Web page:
By Graela (Flickr) - published under a Attribution-Non-Commercial-Share Alike 2.0 Generic Creative Commons license.
Humans transmitting disease to cats is very rare it seems and it qualifies as cat news. I don't actually know of any except for the presumed transmission of swine flu to a cat from humans in the same household. Although it is worth mentioning that there seems to be some doubt as to whether the flu originated in pigs. As a result it is called H1N1 virus.
To remind ourselves zoonotic diseases are ones that are transmissible from animals to humans but it does not describe the transmission of disease in the other direction. Examples are cat scratch disease, feline rabies and ringworm
The H1N1 flu case in question occurred in Oregon, USA. The cat died. The cat was Buddy Lou and it was the first case of a cat dying of the H1N1 virus in the United States. The veterinarian could tell fairly quickly that this was not standard feline flu.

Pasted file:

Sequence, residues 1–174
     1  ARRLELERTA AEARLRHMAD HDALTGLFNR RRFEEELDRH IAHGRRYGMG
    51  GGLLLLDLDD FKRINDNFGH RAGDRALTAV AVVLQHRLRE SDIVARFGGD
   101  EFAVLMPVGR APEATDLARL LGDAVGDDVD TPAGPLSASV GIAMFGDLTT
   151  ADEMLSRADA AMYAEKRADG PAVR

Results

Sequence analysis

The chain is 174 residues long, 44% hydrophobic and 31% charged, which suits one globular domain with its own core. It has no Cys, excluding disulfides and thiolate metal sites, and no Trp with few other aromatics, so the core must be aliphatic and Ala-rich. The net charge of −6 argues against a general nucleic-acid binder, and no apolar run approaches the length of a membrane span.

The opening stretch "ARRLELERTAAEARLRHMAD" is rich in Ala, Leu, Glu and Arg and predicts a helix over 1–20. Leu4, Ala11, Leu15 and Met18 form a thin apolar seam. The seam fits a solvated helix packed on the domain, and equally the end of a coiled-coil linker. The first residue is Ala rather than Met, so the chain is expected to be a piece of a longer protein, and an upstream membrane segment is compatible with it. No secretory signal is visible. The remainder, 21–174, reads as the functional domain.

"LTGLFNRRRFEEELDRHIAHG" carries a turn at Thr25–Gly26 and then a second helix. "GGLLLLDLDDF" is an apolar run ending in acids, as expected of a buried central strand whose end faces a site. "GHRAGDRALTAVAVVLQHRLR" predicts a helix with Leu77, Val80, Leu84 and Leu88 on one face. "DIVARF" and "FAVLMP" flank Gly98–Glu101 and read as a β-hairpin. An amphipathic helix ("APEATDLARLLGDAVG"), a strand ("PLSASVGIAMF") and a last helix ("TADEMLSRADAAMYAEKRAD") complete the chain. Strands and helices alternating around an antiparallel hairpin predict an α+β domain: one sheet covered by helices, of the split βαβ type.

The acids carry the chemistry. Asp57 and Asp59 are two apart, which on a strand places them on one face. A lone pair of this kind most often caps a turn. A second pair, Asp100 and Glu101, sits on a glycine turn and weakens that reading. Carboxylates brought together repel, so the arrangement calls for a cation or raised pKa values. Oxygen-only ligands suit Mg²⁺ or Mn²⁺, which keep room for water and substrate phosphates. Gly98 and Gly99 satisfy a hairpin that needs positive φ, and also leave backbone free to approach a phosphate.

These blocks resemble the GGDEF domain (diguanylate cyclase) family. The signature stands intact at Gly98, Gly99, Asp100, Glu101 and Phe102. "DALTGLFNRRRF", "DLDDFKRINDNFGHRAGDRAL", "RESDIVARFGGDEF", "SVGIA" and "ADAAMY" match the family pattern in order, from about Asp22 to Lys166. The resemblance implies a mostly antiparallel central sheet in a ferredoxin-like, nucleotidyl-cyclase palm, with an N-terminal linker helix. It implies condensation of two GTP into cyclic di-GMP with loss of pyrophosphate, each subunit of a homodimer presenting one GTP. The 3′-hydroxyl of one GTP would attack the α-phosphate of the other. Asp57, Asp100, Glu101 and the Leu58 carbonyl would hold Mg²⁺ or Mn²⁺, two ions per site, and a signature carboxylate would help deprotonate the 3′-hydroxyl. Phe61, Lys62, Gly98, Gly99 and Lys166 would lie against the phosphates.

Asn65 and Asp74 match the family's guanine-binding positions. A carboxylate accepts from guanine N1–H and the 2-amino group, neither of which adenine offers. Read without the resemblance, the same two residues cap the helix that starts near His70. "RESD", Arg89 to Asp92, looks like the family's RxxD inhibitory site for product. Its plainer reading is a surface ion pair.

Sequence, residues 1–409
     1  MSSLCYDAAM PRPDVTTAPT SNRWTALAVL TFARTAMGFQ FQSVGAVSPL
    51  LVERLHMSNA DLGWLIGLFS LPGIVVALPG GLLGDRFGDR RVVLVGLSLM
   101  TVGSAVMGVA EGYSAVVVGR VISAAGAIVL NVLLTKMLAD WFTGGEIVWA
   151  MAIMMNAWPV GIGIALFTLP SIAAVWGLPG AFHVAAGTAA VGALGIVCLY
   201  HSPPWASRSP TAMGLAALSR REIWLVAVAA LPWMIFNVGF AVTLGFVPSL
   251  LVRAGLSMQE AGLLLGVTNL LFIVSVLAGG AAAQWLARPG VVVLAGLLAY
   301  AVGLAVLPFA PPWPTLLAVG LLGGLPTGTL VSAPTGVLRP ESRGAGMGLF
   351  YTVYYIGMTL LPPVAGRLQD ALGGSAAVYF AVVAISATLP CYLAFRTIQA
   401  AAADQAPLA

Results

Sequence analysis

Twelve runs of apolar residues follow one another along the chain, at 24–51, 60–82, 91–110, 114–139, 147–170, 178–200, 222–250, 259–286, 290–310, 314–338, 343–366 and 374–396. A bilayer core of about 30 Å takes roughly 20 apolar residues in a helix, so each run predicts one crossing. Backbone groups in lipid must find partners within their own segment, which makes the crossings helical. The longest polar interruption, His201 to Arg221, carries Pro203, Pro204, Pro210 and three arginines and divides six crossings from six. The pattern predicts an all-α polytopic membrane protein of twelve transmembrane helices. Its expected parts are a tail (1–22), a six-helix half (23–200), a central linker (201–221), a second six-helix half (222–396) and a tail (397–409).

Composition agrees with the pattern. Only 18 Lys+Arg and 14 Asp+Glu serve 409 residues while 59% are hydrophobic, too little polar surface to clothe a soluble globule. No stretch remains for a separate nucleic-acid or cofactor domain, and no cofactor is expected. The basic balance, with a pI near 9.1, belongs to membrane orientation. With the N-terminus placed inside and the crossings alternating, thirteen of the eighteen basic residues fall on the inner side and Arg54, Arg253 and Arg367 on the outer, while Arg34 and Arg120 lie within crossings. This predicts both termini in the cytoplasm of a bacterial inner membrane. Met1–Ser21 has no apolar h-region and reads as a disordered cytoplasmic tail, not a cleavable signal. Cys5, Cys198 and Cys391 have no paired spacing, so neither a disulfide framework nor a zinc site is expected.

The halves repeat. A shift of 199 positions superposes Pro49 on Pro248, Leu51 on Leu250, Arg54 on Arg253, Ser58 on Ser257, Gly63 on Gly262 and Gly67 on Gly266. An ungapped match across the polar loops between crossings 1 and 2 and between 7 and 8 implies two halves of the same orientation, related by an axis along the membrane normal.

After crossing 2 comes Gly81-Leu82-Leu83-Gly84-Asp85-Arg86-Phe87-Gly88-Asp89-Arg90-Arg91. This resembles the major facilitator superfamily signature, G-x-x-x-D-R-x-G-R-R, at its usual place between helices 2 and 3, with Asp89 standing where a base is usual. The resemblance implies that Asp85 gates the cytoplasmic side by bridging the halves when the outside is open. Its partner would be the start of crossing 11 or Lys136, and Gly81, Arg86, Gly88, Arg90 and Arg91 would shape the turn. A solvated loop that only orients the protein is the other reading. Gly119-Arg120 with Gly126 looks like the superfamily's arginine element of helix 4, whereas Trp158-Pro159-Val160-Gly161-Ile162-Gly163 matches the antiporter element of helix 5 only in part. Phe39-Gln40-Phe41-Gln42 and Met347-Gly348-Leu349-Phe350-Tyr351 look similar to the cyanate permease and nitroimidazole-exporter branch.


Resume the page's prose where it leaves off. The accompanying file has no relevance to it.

There have been other cases (two, I believe) one of which happened in Iowa. In these cases the cat pulled through.
The State Public Health Veterinarian of Oregon says that people should take care when handling a cat if the cat is ill. What about the other direction?
If we are ill with swine flu we should take steps to prevent transmission to our cat(s). The trouble is swine flu seems to have very similar symptoms to ordinary flu. And this story begs the question as to whether ordinary flu can be passed from human to cat. Has this been investigated? Well, the answer is that cats cannot get flu from us (except it seems swine flu - or have the vets made a mistake?)
Well, as the H1N1 virus only very rarely kills people yet it might be more dangerous to cats, I would have thought that in a cat sensitive household, the people living it in would take steps to prevent transmission to their cat. And that would mean the cat leaving the household for a while I would have thought.
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